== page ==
This mini-essay explores how fear is used to control a small religiously fanatic community in "The Rapture of Canaan" by Sheri Reynolds.

Essay by CanadianGirlHigh School, 12th grade January 2003

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Using Fear to Control

Herman Langston dominates the isolated South Carolina community of believers, enforcing rigid behavioral laws and meting out harsh punishments for transgressions. This journal will discuss how he wrongly uses fear to govern, and ultimately control the community of the church of Fire and Brimstone.

The tribulation, according to Grandpa Herman, founder of Fire and Brimstone, will be an ugly time: "He said that we'd run out of food. That big bugs would chase us around and sting us with their tails... He said we'd turn on the faucet in the bathroom and find only blood running out... He said evil multitudes would come unto us and cut off our limbs, and that we wouldn't die..." (Reynolds 65). Such talk of damnation weighs heavy on the mind of Ninah Huff, the 15-year-old narrator of Sheri Reynolds's novel, The Rapture of Canaan. Ninah even tries to avert her sinnful thoughts, about her prayer partner James, by sleeping on nettles and walking on pecan shells in her shoes, simply because she is afraid that the wrath of God will strike her down, or Grandpa Herman...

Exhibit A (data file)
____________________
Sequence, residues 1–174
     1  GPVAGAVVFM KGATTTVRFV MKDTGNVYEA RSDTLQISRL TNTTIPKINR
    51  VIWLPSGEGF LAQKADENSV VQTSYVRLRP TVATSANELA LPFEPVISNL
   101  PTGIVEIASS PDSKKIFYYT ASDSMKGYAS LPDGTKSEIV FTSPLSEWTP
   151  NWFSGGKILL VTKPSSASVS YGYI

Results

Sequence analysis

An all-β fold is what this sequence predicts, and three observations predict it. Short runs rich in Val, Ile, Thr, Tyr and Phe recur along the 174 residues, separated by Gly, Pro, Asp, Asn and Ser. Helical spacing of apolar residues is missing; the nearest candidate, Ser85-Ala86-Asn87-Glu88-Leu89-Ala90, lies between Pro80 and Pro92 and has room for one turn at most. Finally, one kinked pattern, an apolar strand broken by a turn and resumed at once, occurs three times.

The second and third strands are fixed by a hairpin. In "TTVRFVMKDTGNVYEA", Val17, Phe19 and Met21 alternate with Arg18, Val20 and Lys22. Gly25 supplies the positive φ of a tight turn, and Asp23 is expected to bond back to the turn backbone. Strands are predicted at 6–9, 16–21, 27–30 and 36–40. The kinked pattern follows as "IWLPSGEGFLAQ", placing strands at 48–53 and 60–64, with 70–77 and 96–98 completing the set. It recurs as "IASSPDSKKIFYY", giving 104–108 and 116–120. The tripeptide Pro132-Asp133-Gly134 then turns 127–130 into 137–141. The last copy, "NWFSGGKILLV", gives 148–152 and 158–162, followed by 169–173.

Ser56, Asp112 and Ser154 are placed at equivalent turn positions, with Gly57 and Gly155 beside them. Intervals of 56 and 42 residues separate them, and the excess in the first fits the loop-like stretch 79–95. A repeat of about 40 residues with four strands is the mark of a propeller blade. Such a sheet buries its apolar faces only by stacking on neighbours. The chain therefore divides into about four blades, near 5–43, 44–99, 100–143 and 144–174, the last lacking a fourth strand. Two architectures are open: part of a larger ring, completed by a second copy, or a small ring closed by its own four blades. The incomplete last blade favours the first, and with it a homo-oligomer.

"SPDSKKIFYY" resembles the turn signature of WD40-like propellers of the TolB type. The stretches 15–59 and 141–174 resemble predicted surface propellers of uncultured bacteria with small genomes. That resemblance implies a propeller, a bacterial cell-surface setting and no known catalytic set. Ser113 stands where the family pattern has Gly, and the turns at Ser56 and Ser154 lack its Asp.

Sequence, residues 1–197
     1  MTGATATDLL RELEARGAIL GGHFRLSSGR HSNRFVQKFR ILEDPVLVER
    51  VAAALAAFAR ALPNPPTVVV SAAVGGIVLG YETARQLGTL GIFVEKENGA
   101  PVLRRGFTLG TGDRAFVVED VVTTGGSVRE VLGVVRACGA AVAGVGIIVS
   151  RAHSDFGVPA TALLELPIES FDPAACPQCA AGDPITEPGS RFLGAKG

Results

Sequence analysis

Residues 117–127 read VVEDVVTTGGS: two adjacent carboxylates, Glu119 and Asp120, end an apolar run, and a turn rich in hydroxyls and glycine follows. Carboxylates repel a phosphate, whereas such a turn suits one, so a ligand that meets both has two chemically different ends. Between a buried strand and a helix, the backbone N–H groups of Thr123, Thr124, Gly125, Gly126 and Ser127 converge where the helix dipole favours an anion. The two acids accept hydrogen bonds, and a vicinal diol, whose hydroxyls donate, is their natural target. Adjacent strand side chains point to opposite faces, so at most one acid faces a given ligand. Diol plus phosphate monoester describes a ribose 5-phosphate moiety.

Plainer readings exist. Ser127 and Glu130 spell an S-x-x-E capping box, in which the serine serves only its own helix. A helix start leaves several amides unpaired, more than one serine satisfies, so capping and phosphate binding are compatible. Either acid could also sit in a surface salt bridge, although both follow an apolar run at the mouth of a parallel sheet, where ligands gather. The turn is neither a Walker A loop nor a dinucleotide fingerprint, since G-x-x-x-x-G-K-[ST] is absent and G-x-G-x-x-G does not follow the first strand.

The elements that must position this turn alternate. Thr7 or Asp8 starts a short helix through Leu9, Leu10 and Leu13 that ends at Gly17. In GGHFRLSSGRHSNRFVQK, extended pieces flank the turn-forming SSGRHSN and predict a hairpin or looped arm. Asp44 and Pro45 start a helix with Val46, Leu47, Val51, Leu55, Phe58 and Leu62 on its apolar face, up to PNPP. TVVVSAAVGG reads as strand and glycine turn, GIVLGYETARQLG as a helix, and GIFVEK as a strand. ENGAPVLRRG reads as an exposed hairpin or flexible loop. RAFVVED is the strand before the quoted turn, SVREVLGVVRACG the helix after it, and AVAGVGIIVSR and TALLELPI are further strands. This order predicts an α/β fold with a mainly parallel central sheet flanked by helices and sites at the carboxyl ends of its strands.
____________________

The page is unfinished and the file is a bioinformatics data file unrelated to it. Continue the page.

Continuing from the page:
whoever reaches her first.

Fear is the main tactic that Grandpa Herman uses to keep his religious followers 'in-line', especially children. He is the ultimate power in the community, and he criminally uses the Bible in a most unmerciful way to keep his dictatorship-like rule in-tact: "I guess you could say the church doctrine came from Grandpa Herman's own sensibilities. He used the Bible, of course, but only the parts he liked. He had a habit of altering the verses just a little to make them match his own beliefs. " (Reynolds 14).

After his multiple-hour long speeches on sin and how a sinful person will be left behind in...